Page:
Thursday, 12 November 2015

Choices


May your choices reflect your hopes, not your fears. – Nelson Mandela

C is for Choices

We make many choices each day. For example, what clothes we wear: the red or the black dress? What we will have for lunch: a salad or a meat pie? Will we exercise or stay in bed for the next hour… 

Some choices will have little effect on us, like whether we eat an apple or a pear for afternoon tea. Others will have major effects, such as deliberately driving our car after we’ve been drinking, then having a serious crash.

Some choices can slowly creep up on us. Our weight could be one of them. If we eat lots of high fat, high sugar fast foods and don’t exercise, then one day we may find that our waistbands are tight or the button on our jeans doesn’t do up. 

Tuesday I went to a CRU (Community Resource Unit) http://cru.org.au/ seminar on the NDIS. The NDIS is the National Disability Insurance Scheme which is taking over from Disability Services, in Australia. In 2016 it will start to be rolled out in Queensland. One of the activities we had to do during the day, was to write down our vision for our disabled child. My child Jessica, has Down syndrome and my husband and I actually already have a vision for her.

Our vision is for adult Jessica: We see her as an independent member of the community. She will live on her own, be financially secure, and have friends, relationships and interests/hobbies. Our vision for her is the same as it is for our other two children, who do not have an intellectual impairment or developmental delay.

Having a vision though is not enough. Deliberate choices for how we are going to help Jessica reach the destination, need to be made, otherwise the vision will never be realised.

At the moment she is eight years old, but we are already working on the skills that she will need, to be able to live independently. For example, we are helping her to achieve her personal hygiene and dressing skills. Jessica helps me bake and she does simple tasks around the home. She is learning to swim as she wants to join the Swim Club like her brother. That will also be a good fitness activity for her when she is an adult. We take her to stores, teaching her how to shop. She has speech therapy and occupational therapy. And we try to give her a broad range of experiences. The list goes on.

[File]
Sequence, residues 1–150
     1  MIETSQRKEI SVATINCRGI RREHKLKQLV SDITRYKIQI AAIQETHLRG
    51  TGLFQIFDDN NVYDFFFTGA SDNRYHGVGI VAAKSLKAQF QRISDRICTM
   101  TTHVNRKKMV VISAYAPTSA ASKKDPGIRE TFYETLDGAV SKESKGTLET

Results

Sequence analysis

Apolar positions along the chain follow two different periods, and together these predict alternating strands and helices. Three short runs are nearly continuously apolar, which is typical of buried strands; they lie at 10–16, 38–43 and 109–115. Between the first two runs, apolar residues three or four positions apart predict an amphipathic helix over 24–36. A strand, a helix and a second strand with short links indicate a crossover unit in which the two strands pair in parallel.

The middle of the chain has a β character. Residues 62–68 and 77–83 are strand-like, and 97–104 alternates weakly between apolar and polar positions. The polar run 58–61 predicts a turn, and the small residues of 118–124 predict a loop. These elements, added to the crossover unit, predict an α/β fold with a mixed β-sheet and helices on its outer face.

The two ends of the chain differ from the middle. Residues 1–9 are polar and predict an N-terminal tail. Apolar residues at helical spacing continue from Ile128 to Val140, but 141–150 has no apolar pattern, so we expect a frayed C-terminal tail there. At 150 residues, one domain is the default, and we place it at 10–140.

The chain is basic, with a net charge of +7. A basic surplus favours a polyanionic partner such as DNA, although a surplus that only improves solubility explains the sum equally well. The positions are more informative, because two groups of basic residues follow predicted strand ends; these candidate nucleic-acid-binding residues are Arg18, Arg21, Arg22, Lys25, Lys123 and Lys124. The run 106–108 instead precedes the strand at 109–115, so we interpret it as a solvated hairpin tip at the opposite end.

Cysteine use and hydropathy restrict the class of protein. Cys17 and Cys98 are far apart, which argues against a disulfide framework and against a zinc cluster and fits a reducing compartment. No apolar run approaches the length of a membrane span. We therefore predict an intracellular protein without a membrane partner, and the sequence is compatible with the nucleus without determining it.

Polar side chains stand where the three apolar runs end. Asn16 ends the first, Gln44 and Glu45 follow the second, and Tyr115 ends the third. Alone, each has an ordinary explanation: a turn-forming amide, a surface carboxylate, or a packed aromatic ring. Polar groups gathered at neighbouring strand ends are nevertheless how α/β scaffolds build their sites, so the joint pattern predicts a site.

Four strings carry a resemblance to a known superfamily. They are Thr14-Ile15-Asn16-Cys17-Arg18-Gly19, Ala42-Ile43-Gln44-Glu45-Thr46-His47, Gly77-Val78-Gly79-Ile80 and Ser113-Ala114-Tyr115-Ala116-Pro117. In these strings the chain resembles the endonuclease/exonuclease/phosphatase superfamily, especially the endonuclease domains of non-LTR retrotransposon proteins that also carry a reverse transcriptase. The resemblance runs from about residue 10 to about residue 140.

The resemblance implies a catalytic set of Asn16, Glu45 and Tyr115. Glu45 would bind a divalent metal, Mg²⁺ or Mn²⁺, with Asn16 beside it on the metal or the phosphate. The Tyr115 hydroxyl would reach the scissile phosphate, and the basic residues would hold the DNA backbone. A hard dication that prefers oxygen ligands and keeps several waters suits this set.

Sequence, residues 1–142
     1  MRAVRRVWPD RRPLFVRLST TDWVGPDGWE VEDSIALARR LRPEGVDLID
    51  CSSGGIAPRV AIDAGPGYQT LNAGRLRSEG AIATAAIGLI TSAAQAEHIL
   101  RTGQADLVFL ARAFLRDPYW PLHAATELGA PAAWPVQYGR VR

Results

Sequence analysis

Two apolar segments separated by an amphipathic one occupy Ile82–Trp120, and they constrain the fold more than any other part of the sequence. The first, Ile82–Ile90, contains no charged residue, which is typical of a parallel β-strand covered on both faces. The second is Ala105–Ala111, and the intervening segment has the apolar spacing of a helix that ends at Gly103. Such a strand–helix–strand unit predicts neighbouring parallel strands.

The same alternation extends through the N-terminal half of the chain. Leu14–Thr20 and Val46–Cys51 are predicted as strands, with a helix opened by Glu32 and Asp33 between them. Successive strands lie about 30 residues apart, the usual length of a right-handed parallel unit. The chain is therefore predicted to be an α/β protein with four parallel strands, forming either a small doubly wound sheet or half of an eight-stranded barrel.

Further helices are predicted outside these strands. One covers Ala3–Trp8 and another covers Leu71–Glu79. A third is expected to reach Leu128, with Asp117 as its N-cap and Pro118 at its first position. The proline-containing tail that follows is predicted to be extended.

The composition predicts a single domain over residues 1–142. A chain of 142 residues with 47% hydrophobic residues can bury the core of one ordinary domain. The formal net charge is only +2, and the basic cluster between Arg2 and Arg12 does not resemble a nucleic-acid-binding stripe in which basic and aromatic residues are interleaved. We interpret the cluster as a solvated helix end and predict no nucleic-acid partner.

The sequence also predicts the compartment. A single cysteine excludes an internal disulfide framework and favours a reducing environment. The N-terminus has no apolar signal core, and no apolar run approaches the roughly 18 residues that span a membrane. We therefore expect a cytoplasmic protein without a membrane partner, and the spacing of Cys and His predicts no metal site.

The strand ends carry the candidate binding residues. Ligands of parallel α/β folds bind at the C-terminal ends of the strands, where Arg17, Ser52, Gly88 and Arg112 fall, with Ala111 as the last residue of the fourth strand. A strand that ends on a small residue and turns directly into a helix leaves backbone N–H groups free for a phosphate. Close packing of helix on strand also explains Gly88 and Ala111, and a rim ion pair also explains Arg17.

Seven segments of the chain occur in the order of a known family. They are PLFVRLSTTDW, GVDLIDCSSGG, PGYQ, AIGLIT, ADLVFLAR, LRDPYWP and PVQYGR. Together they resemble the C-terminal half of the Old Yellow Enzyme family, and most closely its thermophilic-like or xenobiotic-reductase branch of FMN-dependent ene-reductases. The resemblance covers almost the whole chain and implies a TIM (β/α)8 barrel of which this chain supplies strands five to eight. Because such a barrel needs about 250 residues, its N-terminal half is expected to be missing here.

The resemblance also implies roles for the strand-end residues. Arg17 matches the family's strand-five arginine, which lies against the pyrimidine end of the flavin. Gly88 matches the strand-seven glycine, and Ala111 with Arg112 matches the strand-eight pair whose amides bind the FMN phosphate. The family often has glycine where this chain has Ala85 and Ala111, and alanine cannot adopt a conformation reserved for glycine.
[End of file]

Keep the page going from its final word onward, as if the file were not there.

We have fears for when Jessica is an adult. Will she have the skills to be able to live independently? Will she be safe? We won’t know until we get there, but if we give in to our fears now, we won’t offer her the opportunities or teach her the skills she will need. It is so important that our choices reflect our hopes, NOT our fears.

Now, you may not have a disabled child, but you can still do some self-reflection on what choices you are making with your life. You can have your own vision and plan the steps involved in reaching your destination.

Think for a moment about your friendships, relationships and work, and answer these questions:

·         Are the choices and decisions you are currently making, producing positive outcomes?

·         Are they giving you a better life?

·         Are they giving you hope for your future?

Sometimes you need to make instant changes. For example, cut friends, stop bad habits, start saving.  Some things of course, you may not be able to change so easily, such as your employment. But if you want to change jobs you can start planning how you are going to get out of it. You could investigate promotions, study options, read the employment section of the newspaper etc.  Even small positive changes will have an effect.

Is there one change you can make today?

Life is all about choices. Which direction will you take?



 

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